THE BLOG
08/10/2009 05:12 am ET Updated Nov 17, 2011

Michael Jackson: Your Man In Your Mirror

The thumping, glittery brilliance of Michael Jackson made him an icon. I watched fans carry homemade portraits of him (much like the gilded icons of Jesus carried in Greek Orthodox Churches) to mourn his passing." Seeing the astonishing outpouring of grief and celebration shows us that he was the dictionary definition of the word icon: "a person or thing regarded as a representative symbol of something." Jackson had all the things that have been highly prized in our culture: fame, fortune, and talent. Yet, it was very obvious that all of those outer trappings didn't bring him contentment. It is easy to look at Jackson's life and gawk at his excesses. He entertained us rather than living a life that was based on the deeper longing of his heart and soul. We have projected our inner genius and inner freak on this deceased entertainer. Merely seeing him as a symbol bypasses the internal learning we can gain from his life. However, his life offers an opportunity for looking had how he was and "the man in the mirror" for our own longings.

You Can Never Get Enough Of What You Don't Really Want

As a symbol of American consumer spending, Jackson died in debt. According to The Wall Street Journal, Michael died about $500 million in debt. (Americans carry $2.56 trillion in consumer debt, up 22 percent since 2000 alone, according to the Federal Reserve Board.)

I am still scratching my head about Jackson's finances. How could a person amass that much debt? Then I remember watching a BBC special about Jackson back in 2003. Jackson was filmed spending $6 million on a shopping excursion in Las Vegas. He gathered up antiques the way you or I toss carrots in a grocery cart. Like many Americans, Jackson used compulsive shopping as a way to dull the pain of open wounds from his childhood. As I reflect on my Inner MIchael, I see my own longing for acceptance. I certainly have used buying a new pair of shoes or several pair if they were on sale to calm my jangled nerves. How can I offer the kindness instead of criticism to those parts of myself I find ugly and unacceptable? What about you?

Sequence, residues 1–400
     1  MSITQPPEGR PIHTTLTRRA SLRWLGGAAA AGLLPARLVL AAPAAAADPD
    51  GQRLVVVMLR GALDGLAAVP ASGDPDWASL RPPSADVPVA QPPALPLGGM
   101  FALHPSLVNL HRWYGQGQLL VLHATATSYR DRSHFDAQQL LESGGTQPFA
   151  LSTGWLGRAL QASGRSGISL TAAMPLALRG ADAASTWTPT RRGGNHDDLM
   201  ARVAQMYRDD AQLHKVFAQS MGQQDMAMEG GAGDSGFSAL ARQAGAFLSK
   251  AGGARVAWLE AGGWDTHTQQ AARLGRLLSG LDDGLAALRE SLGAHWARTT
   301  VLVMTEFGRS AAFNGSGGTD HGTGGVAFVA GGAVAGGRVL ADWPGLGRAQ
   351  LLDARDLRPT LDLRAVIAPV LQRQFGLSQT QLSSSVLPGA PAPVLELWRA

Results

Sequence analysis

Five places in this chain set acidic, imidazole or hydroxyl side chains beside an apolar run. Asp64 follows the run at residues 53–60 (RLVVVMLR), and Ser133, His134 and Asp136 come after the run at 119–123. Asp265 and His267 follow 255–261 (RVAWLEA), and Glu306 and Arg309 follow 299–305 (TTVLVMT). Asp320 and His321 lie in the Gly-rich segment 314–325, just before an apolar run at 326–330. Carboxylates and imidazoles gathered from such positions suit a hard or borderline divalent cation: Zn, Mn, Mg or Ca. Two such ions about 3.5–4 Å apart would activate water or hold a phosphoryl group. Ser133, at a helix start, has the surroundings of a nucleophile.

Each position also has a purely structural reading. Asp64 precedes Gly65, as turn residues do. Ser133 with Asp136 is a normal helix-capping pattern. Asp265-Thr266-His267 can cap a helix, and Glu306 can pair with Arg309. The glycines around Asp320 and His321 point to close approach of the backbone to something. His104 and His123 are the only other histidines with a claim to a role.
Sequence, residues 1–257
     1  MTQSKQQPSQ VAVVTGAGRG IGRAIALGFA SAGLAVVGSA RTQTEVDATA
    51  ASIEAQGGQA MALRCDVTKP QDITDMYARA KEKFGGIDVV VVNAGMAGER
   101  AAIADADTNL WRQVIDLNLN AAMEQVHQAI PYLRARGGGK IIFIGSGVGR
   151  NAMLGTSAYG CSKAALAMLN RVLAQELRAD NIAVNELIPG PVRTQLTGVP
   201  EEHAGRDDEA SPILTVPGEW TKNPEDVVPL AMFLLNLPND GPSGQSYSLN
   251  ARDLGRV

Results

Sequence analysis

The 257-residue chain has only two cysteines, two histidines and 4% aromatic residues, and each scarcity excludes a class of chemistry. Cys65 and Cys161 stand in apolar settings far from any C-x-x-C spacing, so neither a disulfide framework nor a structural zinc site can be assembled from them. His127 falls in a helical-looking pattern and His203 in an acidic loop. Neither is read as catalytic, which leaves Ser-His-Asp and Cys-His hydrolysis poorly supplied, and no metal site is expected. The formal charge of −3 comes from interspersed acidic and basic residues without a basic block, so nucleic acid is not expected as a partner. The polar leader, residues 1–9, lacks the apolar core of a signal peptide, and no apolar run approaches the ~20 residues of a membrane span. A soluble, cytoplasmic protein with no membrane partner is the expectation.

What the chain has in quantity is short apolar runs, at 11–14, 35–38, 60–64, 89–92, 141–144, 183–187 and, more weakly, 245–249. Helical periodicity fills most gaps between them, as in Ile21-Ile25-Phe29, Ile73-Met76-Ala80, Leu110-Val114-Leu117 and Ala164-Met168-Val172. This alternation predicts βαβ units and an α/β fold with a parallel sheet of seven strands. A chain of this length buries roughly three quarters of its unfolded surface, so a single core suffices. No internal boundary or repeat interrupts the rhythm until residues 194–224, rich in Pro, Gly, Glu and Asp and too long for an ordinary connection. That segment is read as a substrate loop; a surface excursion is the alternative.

Plastic Please
There are stories about Jackson feeling so ugly as a child that he wanted to wear a mask on stage, and numerous accounts of his father taunting him and calling him "Fat Nose." In her wonderful post, Judith Rich exposed Michael Jackson's pain: "Michael Jackson: It Hurts To Be Me." Like the rest of us, he used a complex array of destructive behaviors to dull his inner aching. As a symbol of Americans' distaste for their appearances, he expressed his internal pain through war with his body. (Researcher J.J. Brumberg found that 53% of 13-year-old girls were dissatisfied with their appearance. That figure jumps to 73% for 17-year-olds. Instead of dealing with his internal demons, he focused on fixing his outsides.

Jackson had the funds to 'fix his face.' Here is Michael's face morphing. Reports say that he had so many nose jobs that his surgeons dared not risk another one. His surgeon stated that he began to fake surgeries, persuading Jackson that they had done further surgery when they had not. This need to fix his outsides was a call for the longing to heal his insides.
Like most Americans, Jackson was under the persistent pressure to perform. I see my own crazy schedule and realize that I often put my work before my own nurturing. What about you? Michael Jackson had stadiums of adoring fans screaming his name. It appears that external adoration couldn't heal the desperate pain he felt inside. As I look at myself, I see that I have judged a sudden eruption of fat around my stomach. Since it is bikini season, I am constantly aware of this unwelcome addition to my body. Could I accept myself more? How about you?